HERO: Mace Seneca
HEROINE: Piper Whitney
QUOTE: I struggle with my Spirit within. The Thunderbird wants what it cannot have. ~ Mace
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A bet between Eros, the God of love & desire, and Chloe (Chlotho), the Fate of birth, leads to a year filled with match-making and passion.
One simple request…
Park Ranger Mace Seneca and Astronomer Piper Whitney have a past. One that bears repeating, if the Gods have their way…but, with a few slight changes. They broke up almost a year ago over something utterly ridiculous. She wanted him to come to Thanksgiving dinner at her parents’ house. He didn’t. Instead of explaining that the thought of going freaked Mace out, as he was worried about expectations, he left Piper standing on the sidewalk. Cold. At night. In the middle of November. And on her own.
It should have been the end.
But, when the Gods dip their hands into the lives of humans and Mystics, things tend not to stay over. With a little astronomical fiddling, Mace and Piper are thrust back into each other’s lives. They’re forced to work together in order to recover a meteorite that just happened to land in the State Park where Mace worked. Each of them dread and anticipate the encounter. What would it be like to see the person you still had feelings for? How would you cope with not being an us?
Leads to a second chance…
Working separately during the day and then spending their nights in close quarters, each of them wonder if they could be a couple again. Before that can happen, however, they need to examine how they fell apart so easily, and if they can truly have a second chance at love.
NOTE: Mystic Zodiac is a 12 book series. It is NOT a serial. Each book ends in a happily ever after for the main couple. However, the prologue and epilogue of each story follows the Gods that kick off the series, Eros and Chlotho (aka Chloe). At the end of the series the bet between the two will come to a conclusion.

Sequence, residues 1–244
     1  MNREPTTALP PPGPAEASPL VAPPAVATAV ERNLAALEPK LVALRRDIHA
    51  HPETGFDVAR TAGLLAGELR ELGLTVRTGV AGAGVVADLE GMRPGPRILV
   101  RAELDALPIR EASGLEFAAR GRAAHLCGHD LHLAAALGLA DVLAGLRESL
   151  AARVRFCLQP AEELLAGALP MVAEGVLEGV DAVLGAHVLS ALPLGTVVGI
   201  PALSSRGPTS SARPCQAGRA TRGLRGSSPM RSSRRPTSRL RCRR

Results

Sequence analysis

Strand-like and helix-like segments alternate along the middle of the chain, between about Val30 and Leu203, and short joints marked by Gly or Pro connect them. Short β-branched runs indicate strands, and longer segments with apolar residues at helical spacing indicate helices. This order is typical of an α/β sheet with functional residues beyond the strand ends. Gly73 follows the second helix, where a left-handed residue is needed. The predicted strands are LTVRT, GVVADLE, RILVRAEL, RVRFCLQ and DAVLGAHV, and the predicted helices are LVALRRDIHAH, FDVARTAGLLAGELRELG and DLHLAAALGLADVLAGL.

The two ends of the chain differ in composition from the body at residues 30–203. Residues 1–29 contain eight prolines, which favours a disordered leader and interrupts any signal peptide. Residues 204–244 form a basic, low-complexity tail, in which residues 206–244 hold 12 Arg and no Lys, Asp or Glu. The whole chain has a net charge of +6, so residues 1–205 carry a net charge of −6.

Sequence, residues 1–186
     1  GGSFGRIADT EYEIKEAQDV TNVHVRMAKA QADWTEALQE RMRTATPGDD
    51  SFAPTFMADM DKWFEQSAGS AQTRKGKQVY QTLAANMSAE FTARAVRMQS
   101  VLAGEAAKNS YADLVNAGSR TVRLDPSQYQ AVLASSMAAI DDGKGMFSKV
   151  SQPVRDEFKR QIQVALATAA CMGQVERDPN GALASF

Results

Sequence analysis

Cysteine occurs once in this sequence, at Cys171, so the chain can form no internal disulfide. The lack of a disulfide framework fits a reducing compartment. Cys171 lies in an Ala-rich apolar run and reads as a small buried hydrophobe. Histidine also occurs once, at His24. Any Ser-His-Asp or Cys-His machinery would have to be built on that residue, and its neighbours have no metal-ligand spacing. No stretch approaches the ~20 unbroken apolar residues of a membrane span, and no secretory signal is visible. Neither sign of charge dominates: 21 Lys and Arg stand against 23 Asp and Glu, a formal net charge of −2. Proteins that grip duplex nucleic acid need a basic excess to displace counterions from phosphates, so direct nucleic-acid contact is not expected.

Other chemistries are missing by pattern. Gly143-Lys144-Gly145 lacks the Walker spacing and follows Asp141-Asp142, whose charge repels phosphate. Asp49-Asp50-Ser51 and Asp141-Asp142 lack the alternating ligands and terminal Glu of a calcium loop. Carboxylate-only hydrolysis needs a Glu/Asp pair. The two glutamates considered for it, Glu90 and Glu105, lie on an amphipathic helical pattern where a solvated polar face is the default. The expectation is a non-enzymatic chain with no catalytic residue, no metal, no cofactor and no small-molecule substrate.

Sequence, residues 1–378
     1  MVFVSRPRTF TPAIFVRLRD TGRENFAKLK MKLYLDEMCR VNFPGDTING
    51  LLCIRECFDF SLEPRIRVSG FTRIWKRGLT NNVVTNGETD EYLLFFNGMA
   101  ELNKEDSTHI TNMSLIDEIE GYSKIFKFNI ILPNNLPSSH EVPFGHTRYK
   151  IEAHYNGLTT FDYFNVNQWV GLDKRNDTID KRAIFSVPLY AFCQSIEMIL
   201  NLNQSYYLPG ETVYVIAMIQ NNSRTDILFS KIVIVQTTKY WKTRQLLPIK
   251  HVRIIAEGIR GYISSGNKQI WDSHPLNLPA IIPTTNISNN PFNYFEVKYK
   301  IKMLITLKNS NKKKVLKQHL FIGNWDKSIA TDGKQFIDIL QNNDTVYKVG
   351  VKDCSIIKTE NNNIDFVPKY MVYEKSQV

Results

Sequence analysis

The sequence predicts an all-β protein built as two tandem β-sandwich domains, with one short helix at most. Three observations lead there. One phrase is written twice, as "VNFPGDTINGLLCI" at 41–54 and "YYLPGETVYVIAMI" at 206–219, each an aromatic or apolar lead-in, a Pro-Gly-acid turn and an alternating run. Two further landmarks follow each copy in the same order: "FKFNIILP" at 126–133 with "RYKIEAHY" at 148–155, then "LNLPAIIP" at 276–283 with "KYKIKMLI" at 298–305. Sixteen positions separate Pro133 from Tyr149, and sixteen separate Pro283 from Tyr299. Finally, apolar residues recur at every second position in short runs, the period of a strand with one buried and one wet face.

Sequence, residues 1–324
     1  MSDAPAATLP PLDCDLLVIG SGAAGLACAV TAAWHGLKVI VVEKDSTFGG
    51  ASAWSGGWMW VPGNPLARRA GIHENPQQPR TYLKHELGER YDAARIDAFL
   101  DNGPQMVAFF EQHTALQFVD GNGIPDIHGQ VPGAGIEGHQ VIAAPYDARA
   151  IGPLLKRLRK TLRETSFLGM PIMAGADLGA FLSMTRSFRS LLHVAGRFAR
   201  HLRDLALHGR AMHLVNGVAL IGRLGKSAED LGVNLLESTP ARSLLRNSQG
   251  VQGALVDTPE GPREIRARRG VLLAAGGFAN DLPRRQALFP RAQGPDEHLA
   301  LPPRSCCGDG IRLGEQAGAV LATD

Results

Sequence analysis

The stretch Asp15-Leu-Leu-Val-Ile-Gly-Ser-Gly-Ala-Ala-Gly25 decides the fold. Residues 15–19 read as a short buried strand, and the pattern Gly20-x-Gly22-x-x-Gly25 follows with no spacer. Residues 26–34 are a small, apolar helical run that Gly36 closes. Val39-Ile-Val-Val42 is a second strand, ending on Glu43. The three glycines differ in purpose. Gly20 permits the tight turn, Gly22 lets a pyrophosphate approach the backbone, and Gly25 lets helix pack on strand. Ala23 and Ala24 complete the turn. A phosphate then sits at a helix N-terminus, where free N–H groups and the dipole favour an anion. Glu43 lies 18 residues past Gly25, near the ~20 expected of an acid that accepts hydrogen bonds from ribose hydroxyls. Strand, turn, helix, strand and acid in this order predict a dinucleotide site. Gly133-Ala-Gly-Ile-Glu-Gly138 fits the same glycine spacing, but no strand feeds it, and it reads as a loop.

“Mace, we’ve got a bit of a problem,” Levi announced as he barged into the office. The door bounced against the door stop with a dull thud. Mace was used to Levi’s sudden and exuberant entrances, so it didn’t warrant looking up from his work. He hummed in that way that said you were half listening. Levi wasn’t deterred by the noise or lack of full attention, us usual.
Levi kicked the door shut behind him. “Well, not me, more like you. You’re the one who’s stuck here for the next week or so, depending on the weather. And, I’m sorry dude, if I had known how it would play out, I would have arranged for someone else to be here.”
The last couple of words were what pulled Mace away from the report he’d been working on. He stood and stretched, deciding to make the most of the interruption. A series of pops came from his back, echoing through the small room. Clearly, he’d been hunched over the too-small desk for far too long. The Spirit of the Thunderbird, which resided within him, bristled; agreeing that they’d been cooped up and needed to get out.
There wasn’t anything he could do about that at the moment because of the shitty weather, but he should at least talk to his supervisor about getting a new desk. One that would, at least, fit him. The mental note he made was almost reflex at this point in his career.
This was not what he’d signed on to do when he became a Park Ranger. He’d expected copious amounts of time spent outdoors, letting the Thunderbird’s spirit roam free to keep watch over the tourists. Not—he scanned over the stack of unfinished work—that. It came with the territory he guessed, but it didn’t mean he had to like it. He should count himself lucky that, at least, the building they worked in was better than most Park Rangers had, especially for such a small island that doubled as a state park. They had a surprisingly nice place to kick back and relax. If you walked through the next door and into the lounge area. A decent stove and refrigerator. Pots and pans. Basic cooking utensils. Everything to make it through their weekly stays on the island with a modicum of comfort.
Shaking thoughts of papers and reports away, Mace walked over to the window. He peeked out through the blinds, and took in the dreary weather. Blake Island had been hit with light-to-heavy rain on and off the last few days, and were forecasted for more the next couple days; living up to the stereotypical rainy Northwest. There were a handful of people moored at the docks, which was why he holed away inside attempting to catch up on the shit they’d all let fall to the wayside.
“What problem, and how what would play out?” He glanced at the other Ranger over his shoulder before turning around and leaning against the window sill. Levi shook his head, sending droplets of rain all over the place, to include the stack of papers closest to him. He shrugged out of his heavy coat, flinging even more water to the floor before he hung it on one of the empty hooks next to the door.